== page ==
The original Chicken Soup for the Soul book was published in 1993. More than 250 versions of the franchise have been published, many with health care themes.
A Worldwide Phenomena
The original Chicken Soup for the Soul book was published in 1993. Since then, more than 500 million copies of the book series have been sold in 43 different languages. The authors, Jack Canfield and Mark Victor Hansen, are motivational speakers who sought to publish a book based on the notion “that people could help each other by sharing stories about their lives.”1 The premise of the book was to catalogue the goings on of real-life people, with real-life challenges, tragedies, and triumphs. More than 250 versions of the franchise have been published, many with health care themes, such as cancer, as well as Alzheimer disease and other forms of dementia.
Each Patient's Story is Unique, But Offers Broadly Applicable Attributes
The tried-and-true format for the chicken soup books are the short and succinct storylines of the people featured throughout. Each page encourages the reader to understand someone else’s life experience and relate that journey to their own lives. A remarkable connection with each character occurs, despite the reader being in a different life circumstance than the author.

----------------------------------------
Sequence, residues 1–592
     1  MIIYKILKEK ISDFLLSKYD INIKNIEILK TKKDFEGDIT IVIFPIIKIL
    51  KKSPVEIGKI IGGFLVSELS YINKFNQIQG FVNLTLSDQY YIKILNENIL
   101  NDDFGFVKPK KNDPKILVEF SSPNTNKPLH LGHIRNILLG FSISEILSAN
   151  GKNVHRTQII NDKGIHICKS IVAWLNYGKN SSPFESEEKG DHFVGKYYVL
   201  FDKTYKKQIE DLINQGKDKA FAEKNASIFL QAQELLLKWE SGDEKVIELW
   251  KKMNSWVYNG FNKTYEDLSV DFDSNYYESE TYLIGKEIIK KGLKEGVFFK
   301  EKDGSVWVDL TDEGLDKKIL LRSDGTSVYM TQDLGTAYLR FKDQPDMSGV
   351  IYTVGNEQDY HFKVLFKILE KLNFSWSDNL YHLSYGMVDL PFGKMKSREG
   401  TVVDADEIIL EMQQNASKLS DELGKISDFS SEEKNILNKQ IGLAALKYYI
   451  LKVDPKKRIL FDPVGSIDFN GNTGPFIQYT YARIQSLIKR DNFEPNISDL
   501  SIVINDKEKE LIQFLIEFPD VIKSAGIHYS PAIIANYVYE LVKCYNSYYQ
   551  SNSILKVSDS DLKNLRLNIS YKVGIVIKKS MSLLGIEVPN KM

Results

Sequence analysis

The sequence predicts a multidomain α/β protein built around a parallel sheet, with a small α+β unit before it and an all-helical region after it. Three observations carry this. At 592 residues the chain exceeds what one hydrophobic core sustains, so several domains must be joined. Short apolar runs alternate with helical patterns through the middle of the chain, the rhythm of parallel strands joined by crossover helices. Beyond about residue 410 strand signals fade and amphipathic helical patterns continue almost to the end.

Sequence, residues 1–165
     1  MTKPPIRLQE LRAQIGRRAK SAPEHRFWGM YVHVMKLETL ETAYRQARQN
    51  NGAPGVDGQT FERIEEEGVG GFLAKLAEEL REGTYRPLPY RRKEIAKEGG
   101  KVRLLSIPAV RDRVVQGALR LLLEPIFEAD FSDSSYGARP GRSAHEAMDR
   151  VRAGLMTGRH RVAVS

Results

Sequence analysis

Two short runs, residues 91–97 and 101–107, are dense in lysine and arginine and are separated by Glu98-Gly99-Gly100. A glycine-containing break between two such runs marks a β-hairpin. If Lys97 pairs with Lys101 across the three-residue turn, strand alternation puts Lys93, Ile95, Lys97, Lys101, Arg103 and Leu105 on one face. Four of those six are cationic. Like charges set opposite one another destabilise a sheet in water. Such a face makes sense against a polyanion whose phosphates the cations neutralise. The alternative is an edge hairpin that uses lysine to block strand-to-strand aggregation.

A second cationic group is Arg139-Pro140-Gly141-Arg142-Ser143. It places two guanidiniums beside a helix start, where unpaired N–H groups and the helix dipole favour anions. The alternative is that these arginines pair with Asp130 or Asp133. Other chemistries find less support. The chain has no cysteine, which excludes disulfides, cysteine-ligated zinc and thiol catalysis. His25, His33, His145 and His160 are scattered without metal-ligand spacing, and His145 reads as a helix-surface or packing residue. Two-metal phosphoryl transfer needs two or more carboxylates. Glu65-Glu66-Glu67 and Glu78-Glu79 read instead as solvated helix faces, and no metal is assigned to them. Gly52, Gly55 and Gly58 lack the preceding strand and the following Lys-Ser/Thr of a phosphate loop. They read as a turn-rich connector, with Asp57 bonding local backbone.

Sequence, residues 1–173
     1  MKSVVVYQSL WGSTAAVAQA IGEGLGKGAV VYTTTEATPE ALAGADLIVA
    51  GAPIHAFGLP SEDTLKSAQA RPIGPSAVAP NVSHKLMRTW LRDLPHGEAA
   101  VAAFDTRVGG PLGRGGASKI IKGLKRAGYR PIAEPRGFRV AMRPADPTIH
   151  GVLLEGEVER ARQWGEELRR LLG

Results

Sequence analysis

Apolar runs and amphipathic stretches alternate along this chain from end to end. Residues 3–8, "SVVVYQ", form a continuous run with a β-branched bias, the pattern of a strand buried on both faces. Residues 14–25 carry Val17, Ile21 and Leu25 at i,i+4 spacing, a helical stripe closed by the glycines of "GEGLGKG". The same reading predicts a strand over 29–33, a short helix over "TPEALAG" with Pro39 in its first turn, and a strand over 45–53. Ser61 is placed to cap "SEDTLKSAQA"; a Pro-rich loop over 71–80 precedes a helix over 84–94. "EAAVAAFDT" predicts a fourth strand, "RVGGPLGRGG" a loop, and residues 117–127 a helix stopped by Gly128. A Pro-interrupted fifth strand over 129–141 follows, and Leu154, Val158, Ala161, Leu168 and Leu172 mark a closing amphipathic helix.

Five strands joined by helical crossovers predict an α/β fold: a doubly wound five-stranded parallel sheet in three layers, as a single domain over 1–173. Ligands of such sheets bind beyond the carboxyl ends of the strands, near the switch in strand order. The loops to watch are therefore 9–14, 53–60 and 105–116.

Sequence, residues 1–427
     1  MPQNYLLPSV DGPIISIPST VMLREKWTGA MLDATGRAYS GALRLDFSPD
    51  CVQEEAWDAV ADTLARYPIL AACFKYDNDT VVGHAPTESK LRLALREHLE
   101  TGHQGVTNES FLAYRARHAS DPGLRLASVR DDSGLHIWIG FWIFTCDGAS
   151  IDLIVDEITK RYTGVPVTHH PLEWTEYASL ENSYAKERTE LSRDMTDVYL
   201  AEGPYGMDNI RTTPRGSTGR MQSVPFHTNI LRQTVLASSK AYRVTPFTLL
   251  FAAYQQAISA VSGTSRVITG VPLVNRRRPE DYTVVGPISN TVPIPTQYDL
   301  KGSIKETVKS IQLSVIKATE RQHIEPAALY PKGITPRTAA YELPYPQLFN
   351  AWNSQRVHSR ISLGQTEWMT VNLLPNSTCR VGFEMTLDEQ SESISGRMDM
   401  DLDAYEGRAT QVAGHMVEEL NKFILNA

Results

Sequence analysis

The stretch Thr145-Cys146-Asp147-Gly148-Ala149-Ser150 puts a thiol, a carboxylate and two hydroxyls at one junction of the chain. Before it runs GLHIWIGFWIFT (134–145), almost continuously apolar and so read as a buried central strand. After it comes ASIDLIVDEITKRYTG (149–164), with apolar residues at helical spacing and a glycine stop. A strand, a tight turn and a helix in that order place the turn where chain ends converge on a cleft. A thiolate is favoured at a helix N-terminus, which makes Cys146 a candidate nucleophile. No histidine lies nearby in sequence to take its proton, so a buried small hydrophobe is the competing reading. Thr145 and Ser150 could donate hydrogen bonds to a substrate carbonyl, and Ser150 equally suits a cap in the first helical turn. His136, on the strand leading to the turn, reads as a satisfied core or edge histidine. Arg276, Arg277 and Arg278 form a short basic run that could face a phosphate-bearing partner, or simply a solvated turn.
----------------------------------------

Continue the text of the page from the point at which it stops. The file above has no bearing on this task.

This parable format of writing relies on analogies to motivate the reader. The stories themselves are formulaic and are always 1200 words or less, in the first-person voice, set the stage by describing everyday life, and finish with a subtle lesson to be learned or reminded of.